Air Emissions and Animal Agriculture


Ammonia (NH3) is a gas that results from the incomplete conversion of feed nitrogen into animal product (meat and/or milk). While livestock raised in commercial farms are more efficient in using feed nutrients than most humans, not all of the nutrients in feed are converted into product (growth, meat, milk, eggs, offspring). According to ASABE manure characteristic standards reported in 2005, N excretion for animals can range from 0.99 lb/day-animal (lactating dairy cows) to 0.0035 lb/day-animal (layers). Thus, a considerable amount of nitrogen in animal feed is excreted in urine and feces with the potential to be to be converted to NH3 gas. Atmospheric NH3 is an important pollutant due to its impact on ecosystems. Too much NH3 in the air can lead to deposition into surface waters via rainfall and cause over-enrichment, or eutrophication, of surface waters (algal blooms). Deposition often occurs far away from where the NH3 gas was produced. Red tide outbreaks in the Chesapeake Bay are attributed, in part, to over-enrichment with nitrogen.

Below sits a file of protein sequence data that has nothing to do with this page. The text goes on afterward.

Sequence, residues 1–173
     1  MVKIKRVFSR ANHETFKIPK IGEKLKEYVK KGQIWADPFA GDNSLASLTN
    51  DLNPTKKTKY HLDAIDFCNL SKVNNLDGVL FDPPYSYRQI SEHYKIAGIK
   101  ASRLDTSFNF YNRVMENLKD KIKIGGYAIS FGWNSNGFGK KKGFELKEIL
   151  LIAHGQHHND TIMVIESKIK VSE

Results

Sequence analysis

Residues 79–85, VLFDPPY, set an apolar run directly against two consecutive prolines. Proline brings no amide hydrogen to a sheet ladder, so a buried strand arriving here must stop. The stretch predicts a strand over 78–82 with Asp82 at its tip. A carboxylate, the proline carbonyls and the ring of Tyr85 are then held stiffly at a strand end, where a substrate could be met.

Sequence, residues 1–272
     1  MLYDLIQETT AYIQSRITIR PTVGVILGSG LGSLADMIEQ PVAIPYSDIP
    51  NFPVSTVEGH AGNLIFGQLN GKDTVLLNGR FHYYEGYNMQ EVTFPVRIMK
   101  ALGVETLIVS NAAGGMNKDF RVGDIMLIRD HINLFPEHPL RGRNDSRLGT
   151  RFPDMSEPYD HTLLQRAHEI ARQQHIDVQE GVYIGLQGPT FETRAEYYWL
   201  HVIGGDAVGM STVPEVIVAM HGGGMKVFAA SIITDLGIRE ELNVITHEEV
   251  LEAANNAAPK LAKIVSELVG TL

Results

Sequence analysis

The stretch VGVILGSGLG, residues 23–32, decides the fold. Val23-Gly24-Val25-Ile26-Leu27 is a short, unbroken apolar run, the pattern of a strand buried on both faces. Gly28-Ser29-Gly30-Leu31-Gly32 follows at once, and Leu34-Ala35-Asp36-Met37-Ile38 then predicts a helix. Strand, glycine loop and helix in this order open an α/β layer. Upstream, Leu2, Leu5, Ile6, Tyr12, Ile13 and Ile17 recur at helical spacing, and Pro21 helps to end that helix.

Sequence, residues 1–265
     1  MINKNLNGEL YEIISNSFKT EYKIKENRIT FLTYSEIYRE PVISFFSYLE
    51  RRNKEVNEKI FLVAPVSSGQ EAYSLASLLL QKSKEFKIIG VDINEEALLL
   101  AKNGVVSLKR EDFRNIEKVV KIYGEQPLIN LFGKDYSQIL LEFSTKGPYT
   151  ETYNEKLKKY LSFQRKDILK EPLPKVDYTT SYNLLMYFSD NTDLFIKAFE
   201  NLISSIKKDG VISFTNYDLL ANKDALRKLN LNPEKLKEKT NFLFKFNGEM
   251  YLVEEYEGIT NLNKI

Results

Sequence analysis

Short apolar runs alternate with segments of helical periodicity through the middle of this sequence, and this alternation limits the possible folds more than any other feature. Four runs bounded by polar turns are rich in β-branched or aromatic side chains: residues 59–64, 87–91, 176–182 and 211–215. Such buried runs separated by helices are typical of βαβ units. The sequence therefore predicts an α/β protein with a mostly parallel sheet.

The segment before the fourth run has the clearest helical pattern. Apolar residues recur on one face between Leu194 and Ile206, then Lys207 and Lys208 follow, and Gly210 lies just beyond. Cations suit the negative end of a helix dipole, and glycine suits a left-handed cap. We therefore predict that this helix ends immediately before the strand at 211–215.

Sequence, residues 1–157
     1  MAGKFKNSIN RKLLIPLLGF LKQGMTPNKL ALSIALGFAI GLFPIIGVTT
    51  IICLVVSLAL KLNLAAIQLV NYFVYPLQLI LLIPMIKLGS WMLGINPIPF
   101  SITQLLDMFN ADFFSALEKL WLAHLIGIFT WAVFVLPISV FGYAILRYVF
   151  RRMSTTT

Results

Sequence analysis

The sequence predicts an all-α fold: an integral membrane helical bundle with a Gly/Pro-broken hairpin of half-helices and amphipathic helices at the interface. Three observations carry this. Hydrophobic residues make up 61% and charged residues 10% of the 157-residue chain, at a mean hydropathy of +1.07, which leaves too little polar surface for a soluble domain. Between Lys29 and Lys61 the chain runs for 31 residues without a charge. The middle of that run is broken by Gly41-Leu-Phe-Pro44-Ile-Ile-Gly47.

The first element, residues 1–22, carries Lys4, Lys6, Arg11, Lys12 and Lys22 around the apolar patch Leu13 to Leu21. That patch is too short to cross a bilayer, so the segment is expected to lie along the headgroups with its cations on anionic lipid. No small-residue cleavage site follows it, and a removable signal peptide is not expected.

Ammonia gas can react in the atmosphere with other gaseous compounds (acids such as those arising from natural processes in land or from coal production) to form fine particulates (ammonium (NH4+) aerosols), which are of a health concern. These fine particulates (called PM2.5 particulates) are respiratory irritants. Because both ammonia and ammonium (NH3 and NH4+) linger in the atmosphere for days and can be transported hundreds of miles. A regional-scale perspective is necessary when considering the environmental effects of NH3.

While the focus here is on farm sources of emissions, NH3 concentrations inside our own homes may be as high as that in farm areas, particularly when concentrated cleaning agents, litter boxes and even smokers are present.


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Last Updated 10/31/2011